Neurostimulation signals option in treating epilepsy.
SAN FRANCISCO -- Deep brain stimulation of the anterior thalamic nuclei shows promise in the management of epilepsy, judging from the findings of a small pilot study, Robert Fisher, M.D., said at the annual meeting of the Congress of Neurological Surgeons.
If further research results confirm the procedure's initial promise, deep brain stimulation (DBS) could become one of a group of targeted therapies, including radiation and local drug perfusion, that control severe epileptic seizures, said Dr. Fisher of Stanford (Calif.) University.
The study consisted of seven men and seven women, 19-44 years old, with partial and apparently generalized tonicoclonic seizures originating in the temporofrontal lobes and from multifocal regions.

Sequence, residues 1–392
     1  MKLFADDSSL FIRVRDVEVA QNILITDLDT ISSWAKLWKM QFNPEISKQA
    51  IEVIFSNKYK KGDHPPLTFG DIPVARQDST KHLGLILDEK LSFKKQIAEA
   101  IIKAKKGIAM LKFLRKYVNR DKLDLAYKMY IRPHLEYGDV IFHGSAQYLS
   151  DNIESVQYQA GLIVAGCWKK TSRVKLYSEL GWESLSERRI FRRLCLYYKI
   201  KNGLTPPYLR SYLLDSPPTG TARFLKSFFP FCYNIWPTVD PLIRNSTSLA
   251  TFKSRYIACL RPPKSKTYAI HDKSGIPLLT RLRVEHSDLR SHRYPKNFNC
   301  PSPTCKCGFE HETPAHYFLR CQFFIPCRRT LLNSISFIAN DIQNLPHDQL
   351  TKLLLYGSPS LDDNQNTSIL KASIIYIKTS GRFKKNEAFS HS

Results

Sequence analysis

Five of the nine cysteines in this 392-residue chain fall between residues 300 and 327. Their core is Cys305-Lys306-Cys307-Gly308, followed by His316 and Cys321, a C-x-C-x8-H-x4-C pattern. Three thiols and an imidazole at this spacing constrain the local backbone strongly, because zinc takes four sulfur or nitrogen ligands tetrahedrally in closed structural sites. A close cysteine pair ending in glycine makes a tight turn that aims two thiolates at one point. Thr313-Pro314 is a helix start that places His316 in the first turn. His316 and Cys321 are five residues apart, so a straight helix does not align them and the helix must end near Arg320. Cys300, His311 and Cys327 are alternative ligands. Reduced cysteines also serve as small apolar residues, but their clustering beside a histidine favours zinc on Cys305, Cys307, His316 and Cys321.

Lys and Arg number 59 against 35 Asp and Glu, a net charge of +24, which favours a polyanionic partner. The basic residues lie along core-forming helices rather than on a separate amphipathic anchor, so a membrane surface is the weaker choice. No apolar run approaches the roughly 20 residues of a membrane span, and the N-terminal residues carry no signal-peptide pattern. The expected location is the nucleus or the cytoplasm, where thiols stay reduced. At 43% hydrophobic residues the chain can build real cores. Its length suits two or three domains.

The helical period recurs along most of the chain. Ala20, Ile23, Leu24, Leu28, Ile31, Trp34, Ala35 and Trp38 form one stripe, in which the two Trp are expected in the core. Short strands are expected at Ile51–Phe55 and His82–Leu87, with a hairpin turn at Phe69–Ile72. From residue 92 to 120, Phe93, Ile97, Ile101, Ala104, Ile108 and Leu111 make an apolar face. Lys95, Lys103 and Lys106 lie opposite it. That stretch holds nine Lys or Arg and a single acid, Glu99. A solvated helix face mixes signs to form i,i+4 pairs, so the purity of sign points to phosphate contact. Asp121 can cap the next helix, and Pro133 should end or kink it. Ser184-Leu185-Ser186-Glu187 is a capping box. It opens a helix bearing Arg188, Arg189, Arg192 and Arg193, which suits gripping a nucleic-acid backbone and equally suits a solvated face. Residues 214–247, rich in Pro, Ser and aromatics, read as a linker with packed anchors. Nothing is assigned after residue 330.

Treatment efficacy was expressed in terms of responder rate, defined as the percentage of patients who experienced a decline of 50% or more in the number of seizures after DBS. The responder rate was 57% as long as 12 months post procedure.
There was no control group. However, these findings compare favorably with data from controlled clinical trials involving gabapentin and lamotrigine in which responder rates were 15%-20% among patients taking the drugs, Dr. Fisher said.
One concern is DBS may inhibit neurologic activity at seizure foci but stimulate activity in surrounding brain.
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|Title Annotation:||Clinical Rounds|
|Article Type:||Brief Article|
|Date:||Feb 1, 2005|
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